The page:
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Gene. 1999 Jul 8;234(2):239-47.

Genome engineering of Toxoplasma gondii using the site-specific recombinase Cre.

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  • 1Zentrum für Molekulare Biologie Heidelberg, Im Neuenheimer Feld 282, 69120, Heidelberg, Germany.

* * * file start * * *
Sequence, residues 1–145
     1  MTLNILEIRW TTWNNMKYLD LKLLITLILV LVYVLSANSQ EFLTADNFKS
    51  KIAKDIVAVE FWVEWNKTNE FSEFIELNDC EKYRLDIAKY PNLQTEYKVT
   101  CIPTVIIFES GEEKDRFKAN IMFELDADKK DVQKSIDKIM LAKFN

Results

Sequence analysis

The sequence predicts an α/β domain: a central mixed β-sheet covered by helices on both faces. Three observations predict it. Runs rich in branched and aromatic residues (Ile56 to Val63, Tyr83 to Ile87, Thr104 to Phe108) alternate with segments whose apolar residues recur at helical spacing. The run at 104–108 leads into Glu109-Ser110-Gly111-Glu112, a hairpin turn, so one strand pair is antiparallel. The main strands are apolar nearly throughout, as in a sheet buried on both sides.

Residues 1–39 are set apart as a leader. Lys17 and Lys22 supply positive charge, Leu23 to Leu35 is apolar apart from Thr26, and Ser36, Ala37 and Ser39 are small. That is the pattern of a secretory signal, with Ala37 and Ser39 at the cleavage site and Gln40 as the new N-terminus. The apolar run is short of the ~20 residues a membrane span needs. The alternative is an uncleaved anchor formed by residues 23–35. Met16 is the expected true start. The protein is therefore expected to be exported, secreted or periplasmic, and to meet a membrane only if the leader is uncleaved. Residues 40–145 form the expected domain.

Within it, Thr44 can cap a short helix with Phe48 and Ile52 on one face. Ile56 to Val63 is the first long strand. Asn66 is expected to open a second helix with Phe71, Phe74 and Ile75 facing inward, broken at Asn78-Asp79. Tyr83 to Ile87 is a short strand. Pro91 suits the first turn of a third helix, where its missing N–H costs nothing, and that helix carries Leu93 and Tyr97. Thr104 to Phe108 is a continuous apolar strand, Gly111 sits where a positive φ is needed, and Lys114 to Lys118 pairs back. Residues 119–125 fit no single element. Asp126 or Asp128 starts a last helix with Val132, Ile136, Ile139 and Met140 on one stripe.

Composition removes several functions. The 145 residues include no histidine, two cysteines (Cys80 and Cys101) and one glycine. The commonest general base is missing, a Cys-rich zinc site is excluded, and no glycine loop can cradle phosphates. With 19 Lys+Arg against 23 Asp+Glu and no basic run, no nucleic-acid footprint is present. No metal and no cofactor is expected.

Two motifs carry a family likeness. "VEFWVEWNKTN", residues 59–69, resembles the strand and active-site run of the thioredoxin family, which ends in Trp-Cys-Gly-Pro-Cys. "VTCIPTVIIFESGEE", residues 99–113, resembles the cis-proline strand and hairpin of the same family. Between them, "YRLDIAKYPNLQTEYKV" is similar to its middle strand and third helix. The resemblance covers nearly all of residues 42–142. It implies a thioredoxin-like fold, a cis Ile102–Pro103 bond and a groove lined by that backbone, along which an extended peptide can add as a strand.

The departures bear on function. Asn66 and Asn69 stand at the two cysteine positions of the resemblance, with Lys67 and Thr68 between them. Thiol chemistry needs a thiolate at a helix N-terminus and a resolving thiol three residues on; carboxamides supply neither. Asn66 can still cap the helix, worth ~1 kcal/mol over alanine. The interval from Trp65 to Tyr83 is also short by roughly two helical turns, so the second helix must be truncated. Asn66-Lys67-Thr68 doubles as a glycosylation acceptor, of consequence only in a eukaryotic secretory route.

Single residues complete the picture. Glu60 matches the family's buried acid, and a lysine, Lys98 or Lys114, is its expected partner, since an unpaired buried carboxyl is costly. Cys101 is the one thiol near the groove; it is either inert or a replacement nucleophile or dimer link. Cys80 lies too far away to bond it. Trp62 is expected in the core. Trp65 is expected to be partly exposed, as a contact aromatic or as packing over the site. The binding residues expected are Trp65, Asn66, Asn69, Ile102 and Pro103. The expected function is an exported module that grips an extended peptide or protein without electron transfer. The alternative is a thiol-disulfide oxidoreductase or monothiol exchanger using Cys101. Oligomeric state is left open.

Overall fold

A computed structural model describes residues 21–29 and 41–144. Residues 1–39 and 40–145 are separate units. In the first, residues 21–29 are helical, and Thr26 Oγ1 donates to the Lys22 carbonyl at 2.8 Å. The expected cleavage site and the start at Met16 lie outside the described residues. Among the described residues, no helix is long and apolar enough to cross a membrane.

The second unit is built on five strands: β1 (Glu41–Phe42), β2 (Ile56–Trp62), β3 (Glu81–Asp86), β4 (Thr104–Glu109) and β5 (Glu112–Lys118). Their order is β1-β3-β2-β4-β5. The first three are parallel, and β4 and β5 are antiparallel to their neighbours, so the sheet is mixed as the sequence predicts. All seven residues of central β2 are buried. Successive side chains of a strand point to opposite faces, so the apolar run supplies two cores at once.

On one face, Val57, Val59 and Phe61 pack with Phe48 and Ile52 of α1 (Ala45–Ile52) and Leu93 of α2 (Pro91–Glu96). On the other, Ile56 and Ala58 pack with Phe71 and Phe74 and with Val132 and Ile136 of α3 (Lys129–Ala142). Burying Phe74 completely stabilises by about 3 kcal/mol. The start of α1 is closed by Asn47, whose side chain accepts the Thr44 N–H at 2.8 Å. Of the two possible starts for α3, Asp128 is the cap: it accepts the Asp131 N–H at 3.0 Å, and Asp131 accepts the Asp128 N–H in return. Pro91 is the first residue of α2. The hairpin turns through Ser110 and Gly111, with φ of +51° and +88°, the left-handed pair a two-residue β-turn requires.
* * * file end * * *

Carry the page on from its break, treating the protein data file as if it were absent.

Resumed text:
Site-specific DNA recombinases from bacteriophage and yeasts have been developed as novel tools for genome engineering both in prokaryotes and eukaryotes. The 38kDa Cre protein efficiently produces both inter- and intramolecular recombination between specific 34bp sites called loxP. We report here the in vivo use of Cre recombinase to manipulate the genome of the protozoan parasite Toxoplasma gondii. Cre catalyzes the precise removal of transgenes from T. gondii genome when flanked by two directly repeated loxP sites. The efficiency of excision has been determined using LacZ as reporter and indicates that it can easily be applied to the removal of undesired sequences such as selectable marker genes and to the determination of gene essentiality. We have also shown that the reversibility of the recombination reaction catalyzed by Cre offers the possibility to target site-specific integration of a loxP-containing vector in a chromosomally placed loxP target in the parasite. In mammalian systems, the Cre recombinase can be regulated by hormone and is used for inducible gene targeting. In T. gondii, fusions between Cre recombinase and the hormone-binding domain of steroids are constitutively active, hampering the utilization of this mode of post-translational regulation as inducible gene expression system.

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